Even Hurwitz

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Even Hurwitz was Senior Vice President for Corporate Affairs at Philip Morris International (PMI) from 2006 until June 2013.[1][2]

He was also a Board member of SMPM International, a joint venture between PMI and Swedish Match to expand snus sales internationally, which was dissolved in 2015.

Background

Before joining the tobacco industry, Hurwitz was a partner at law firm Arnold & Porter LLP, [3] which has represented Philip Morris USA and Altria since 1963.[4]

Long-Standing Career with the Tobacco Industry

Hurwitz joined the tobacco industry in 1999, when he started working for Altria.[5] Hurwitz has held several positions including:[5][6]

  • Senior Vice President Corporate Affairs PMI (2006-2013)
  • Vice President of Regulatory and Fiscal Affairs PMI (2005- 2006)
  • President and Associate General Counsel for PMI’s Latin America and Canada region (2003-2005)
  • Vice President and Associate General Counsel PMI (2001-2003)
  • Associate General Counsel, Worldwide Regulatory Affairs at Altria Group (1999-2003)

Justified Uruguayan Lawsuit

In February 2010, PMI (represented by law firm LALIVE) challenged Uruguay using the World Bank’s International Center for Settlement of Investment Disputes, seeking damages under the Switzerland-Uruguay Bilateral Investment Treaty (BIT) for tobacco control regulations introduced by Uruguay.[7]

Several parties accused the tobacco company of preventing the Government of Uruguay from protecting the health of its citizens.[8] Defending the company’s claim against Uruguay, Hurwitz told the media that “Our lawsuit is not a question of public health versus business. We are challenging regulations which are not fairly applied to all companies, which add further fuel to Uruguay’s huge black market in cigarettes and have not even been shown to reduce smoking prevalence.”[8] Hurwitz’s arguments, in particular the argument that tobacco legislation will lead to increased illicit trade and will not have the intended public health outcome, are not new. The industry has used these arguments to try undermine tobacco legislation in other parts of the world, including the Uganda Tobacco Control Bill 2014, and plain packaging legislation in Australia and the United Kingdom.

Corporate Social Responsibility: Tobacco Farming

On 9 February 2007, Hurwitz wrote to the World Health Organization (WHO) ahead of the WHO public hearing held in Brasilia on 26 February 2007 on agricultural diversification and alternative crops to tobacco.[9][10]

In his letter, Hurwitz wrote that PMI supported the Framework Convention on Tobacco Control (FCTC) process, and its goal to offer tobacco farmers better livelihoods by offering viable crop alternatives, but added that tobacco consumption was likely to continue for the foreseeable future and that therefore PMI will continue to purchase tobacco leaf from tobacco farmers.[9] Hurwitz then continued to promote PMI’s Good Agriculture Practices (GAP) program, which the company set up in collaboration with tobacco leaf suppliers and farmers, to provide clear guidelines for good agricultural practice in areas child labour, safety, and environmental impact. Hurwitz closed the letter by suggesting that PMI welcomed “the opportunity to provide detailed information on our GAP program to the Tobacco Free Initiative and members of the ad-hoc study group”.[9]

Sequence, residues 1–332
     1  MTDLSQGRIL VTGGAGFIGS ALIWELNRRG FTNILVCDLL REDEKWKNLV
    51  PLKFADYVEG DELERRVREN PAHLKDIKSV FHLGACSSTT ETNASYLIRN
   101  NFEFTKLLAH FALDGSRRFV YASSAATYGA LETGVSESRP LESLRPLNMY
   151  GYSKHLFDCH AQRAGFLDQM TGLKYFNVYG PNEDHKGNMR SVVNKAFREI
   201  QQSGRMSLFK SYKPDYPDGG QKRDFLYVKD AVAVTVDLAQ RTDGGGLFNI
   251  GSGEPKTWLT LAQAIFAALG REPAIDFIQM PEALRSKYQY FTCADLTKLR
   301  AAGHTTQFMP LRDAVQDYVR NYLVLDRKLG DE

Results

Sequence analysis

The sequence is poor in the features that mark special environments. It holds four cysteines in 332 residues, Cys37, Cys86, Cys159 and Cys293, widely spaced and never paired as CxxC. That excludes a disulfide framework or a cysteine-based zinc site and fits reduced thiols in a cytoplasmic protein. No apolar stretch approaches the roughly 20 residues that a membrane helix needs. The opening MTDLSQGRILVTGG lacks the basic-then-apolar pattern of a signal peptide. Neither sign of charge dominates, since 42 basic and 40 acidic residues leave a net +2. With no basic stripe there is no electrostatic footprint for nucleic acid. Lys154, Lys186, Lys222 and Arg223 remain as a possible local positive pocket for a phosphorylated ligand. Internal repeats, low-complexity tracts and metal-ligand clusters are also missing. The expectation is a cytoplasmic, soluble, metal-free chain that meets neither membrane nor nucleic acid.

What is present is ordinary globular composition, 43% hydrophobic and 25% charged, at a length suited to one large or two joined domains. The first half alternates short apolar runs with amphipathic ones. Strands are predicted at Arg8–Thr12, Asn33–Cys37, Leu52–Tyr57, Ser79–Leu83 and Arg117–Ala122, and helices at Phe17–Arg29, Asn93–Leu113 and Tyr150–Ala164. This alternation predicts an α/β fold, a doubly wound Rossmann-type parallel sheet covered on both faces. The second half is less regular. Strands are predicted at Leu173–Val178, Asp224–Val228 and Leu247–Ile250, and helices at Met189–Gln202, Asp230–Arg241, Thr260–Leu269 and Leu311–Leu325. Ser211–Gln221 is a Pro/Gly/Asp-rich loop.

Tobacco companies have tied tobacco farming into their corporate social responsibility agenda, attempting to present themselves as good corporate citizens while obscuring the many challenges created by tobacco agriculture, including health risk to the farmers such as acute nicotine poisoning, known as green tobacco sickness. In 2009, Hurwitz acknowledged that “The more we looked into green tobacco sickness, the more we realised that this was an issue we missed…We didn’t realise how serious it is.”[11]

TobaccoTactics Resources

Notes

  1. Philip Morris International, Our Leadership Team, 14 December 2012 accessed 18 February 2018
  2. Philip Morris International, Our Leadership Team, 3 July 2013, accessed October 2018
  3. Philip Morris International, Our Management, undated, accessed October 2018
  4. Sourcewatch, Arnold & Porter, last updated 11 August 2012, accessed May 2018
  5. 5.0 5.1 Altria Group Inc., Information Statement of Philip Morris International Inc., March 2008, accessed October 2018
  6. Executive Profile: Even Hurwitz, Bloomberg.com, 2018, accessed October 2018
  7. T.J. Weiler, Legal Opinion: Philip Morris vs. Uruguay An Analysis of Tobacco Control Measures in the Context of International Investment Law, Physicians for a Smoke Free Canada website, 28 July 2010, accessed October 2018
  8. 8.0 8.1 Business Wire India.com, Philip Morris International Responds to Blatant Mischaracterisation of Uruguayan Lawsuit, 22 November 2010, accessed October 2018
  9. 9.0 9.1 9.2 E. Hurwitz, Agricultural diversification and crop alternatives to tobacco, Letter to Tobacco Free Initiative, World Health Organization, Lausanne 9 February 2007, accessed October 2018
  10. World Health Organization, Report on the public hearing on agricultural diversification and alternative crops to tobacco for the WHO Framework Convention on Tobacco Control, 26 February 2007, Brasilia, 8 June 2007, accessed October 2018
  11. Tobacco-facts.net, Tackling Green Tobacco Sickness, 25 March 2009, accessed October 2018